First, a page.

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1. An early primer consisting of a single page protected by a transparent sheet of horn, formerly used in teaching children to read.
2. A text that instructs in the basic skills or rudiments of a subject.


1. (Printing, Lithography & Bookbinding) a page bearing a religious text or the alphabet, held in a frame with a thin window of flattened cattle horn over it
2. (Printing, Lithography & Bookbinding) any elementary primer



1. a leaf or page containing the alphabet, religious materials, etc., covered with a sheet of transparent horn and fixed in a frame with a handle, formerly used in teaching children to read.
2. a primer or book of rudiments.
ThesaurusAntonymsRelated WordsSynonymsLegend:
Noun1.hornbook - a primer that provides instruction in the rudiments or basic skills of a branch of knowledge
primer - an introductory textbook
References in periodicals archive ?
They cover all the major US statutes and cases as well as several relevant international treaties, and take a broader and more policy oriented perspective than traditional casebooks, hornbooks, treatises, and student guides.
Indeed, the "common law versus MPC" language is so pervasive among some hornbooks and commercial outlines that it is nearly impossible to deprogram students from using that language even when the professor actively discourages students from carving up the landscape in this fashion.
Nela Bureu Ramos closes this section by discussing Robert Kroetsch's The Hornbooks of Rita K.
Latovick, Adverse Possession Against the States: The Hornbooks Have It Wrong, 29 U.
Nela Bureu adds desire to this methodological layout in her nuanced approach to prairie writing in 'Spaces of Desire: A Pleasant Sejour in Robert Kroetsch's The Hornbooks of Rita K'.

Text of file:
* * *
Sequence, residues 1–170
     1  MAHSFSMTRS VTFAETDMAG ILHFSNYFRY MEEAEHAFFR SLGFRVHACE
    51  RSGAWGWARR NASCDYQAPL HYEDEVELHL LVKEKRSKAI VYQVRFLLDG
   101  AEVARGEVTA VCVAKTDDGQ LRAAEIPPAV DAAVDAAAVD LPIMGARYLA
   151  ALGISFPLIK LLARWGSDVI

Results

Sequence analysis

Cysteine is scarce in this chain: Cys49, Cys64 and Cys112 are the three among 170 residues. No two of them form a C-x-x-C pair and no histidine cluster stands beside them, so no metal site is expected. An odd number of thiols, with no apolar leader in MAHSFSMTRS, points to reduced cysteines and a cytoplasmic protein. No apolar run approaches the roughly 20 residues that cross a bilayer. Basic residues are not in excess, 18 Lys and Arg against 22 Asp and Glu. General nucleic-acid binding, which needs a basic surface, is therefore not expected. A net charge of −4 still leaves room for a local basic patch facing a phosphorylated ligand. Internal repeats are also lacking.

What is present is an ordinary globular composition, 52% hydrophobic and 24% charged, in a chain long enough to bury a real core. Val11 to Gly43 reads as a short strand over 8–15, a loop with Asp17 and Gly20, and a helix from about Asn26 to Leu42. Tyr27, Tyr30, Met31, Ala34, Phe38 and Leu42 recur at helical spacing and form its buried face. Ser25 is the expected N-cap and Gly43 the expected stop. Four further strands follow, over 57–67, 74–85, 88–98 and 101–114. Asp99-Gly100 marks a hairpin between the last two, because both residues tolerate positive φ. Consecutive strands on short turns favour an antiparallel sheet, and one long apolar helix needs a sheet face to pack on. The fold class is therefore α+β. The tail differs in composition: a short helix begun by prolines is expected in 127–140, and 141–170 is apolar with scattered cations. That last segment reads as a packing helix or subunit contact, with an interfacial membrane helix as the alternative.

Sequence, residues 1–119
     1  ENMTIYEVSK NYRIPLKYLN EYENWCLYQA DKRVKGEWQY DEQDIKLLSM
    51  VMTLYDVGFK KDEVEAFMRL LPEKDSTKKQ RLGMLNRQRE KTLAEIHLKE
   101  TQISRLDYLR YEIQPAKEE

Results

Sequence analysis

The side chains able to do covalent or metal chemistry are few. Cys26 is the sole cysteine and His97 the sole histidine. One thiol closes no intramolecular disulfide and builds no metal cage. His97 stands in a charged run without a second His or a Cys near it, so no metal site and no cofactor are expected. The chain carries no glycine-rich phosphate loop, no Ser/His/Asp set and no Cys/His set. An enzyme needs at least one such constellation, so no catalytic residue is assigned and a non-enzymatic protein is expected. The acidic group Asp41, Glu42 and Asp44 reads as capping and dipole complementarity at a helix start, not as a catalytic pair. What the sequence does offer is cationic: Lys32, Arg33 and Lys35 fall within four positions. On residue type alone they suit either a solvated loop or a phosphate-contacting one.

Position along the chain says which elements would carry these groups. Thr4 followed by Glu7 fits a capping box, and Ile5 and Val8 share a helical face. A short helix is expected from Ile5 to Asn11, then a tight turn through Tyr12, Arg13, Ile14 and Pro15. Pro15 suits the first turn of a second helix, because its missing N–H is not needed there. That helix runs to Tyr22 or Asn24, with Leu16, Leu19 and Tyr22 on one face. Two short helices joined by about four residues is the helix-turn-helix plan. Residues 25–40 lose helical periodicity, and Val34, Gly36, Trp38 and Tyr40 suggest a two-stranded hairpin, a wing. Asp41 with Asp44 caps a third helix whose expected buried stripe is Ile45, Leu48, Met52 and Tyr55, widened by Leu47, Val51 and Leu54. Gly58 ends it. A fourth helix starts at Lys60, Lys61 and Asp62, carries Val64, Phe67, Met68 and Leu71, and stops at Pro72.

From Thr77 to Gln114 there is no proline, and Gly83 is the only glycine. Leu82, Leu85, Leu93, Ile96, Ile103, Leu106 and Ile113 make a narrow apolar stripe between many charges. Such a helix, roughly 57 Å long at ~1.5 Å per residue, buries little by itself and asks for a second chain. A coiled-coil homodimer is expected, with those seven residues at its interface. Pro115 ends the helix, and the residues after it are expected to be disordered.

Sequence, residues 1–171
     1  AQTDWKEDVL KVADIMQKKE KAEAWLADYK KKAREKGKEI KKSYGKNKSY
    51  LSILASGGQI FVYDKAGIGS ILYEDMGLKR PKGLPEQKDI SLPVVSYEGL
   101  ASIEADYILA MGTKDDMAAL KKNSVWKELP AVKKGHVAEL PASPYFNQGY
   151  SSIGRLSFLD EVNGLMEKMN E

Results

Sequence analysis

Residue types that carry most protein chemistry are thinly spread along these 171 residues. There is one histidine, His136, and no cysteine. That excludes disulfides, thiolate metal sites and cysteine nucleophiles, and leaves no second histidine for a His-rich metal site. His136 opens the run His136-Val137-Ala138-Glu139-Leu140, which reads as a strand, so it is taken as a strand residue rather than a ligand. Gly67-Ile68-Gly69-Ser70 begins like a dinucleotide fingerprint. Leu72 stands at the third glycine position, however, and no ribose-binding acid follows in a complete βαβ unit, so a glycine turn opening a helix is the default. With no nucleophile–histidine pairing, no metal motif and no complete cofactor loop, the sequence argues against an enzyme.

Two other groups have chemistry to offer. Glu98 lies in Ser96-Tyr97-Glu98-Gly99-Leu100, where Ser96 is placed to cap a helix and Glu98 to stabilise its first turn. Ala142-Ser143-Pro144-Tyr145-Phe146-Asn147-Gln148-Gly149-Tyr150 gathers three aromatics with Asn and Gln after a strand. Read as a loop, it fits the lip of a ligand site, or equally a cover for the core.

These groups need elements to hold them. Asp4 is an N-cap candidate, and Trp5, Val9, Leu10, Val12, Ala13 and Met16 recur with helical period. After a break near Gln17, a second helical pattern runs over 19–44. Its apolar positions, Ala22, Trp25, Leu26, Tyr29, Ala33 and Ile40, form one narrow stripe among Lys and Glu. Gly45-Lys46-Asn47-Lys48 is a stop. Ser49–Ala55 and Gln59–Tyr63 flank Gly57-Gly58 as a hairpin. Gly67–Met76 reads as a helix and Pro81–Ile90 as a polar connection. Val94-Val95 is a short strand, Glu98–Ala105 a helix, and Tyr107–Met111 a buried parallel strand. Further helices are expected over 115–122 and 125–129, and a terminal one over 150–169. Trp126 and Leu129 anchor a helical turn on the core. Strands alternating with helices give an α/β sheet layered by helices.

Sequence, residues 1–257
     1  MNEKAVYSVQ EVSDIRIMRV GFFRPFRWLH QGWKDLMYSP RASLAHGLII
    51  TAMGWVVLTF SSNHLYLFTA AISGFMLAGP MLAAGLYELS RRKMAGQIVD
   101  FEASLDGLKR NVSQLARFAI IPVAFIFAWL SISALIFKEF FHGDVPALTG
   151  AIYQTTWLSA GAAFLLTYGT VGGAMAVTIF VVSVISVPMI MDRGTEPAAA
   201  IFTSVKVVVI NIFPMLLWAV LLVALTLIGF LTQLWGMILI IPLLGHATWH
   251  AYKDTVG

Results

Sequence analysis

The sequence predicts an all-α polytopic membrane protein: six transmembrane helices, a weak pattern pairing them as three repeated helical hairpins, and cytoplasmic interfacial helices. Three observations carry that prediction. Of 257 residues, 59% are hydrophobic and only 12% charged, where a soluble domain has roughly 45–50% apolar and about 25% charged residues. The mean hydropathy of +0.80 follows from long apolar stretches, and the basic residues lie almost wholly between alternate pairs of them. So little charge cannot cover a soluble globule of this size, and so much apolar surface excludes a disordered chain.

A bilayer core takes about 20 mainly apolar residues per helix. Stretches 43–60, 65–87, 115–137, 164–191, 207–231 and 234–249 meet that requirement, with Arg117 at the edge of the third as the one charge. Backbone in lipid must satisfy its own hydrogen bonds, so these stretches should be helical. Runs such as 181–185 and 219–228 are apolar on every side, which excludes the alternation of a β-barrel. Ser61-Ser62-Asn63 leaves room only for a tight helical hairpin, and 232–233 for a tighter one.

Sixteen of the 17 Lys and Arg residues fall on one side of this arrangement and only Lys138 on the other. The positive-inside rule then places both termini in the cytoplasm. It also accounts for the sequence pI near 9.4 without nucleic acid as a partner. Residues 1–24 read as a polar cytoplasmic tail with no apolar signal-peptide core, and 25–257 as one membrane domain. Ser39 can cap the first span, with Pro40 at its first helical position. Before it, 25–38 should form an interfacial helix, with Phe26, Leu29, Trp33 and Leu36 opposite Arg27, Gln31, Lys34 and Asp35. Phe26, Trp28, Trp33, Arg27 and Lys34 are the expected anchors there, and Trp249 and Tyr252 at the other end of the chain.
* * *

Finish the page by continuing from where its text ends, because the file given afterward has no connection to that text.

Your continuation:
It is hornbook law that prior statements of a witness that are consistent with his or her testimony are inadmissible unless they fit within a hearsay exception, (6) though one of the hornbooks that states the rule also criticizes it.
Brockman, who had written Lincoln asking him about "the best modes of obtaining a thorough knowledge of the law." Lincoln told the potential lawyer that "the mode is very simple, though laborious, and tedious." He then suggested some hornbooks to start digging into and then, abruptly, concluded the letter with insight from his own experiences as an attorney.
Law School) present what they consider a stand-alone "coursebook" combining the strengths of case books, problems-based books, legal hornbooks (i.e., treatise overviews), and other common materials.
Facsimiles of hornbooks and battledores, that were the reading fare of children in the seventeenth and eighteenth centuries, are quickly overtaken by books with Australian themes, although imports, such as works by the likes of Randolph Caldecott found their way onto Australian bookshelves.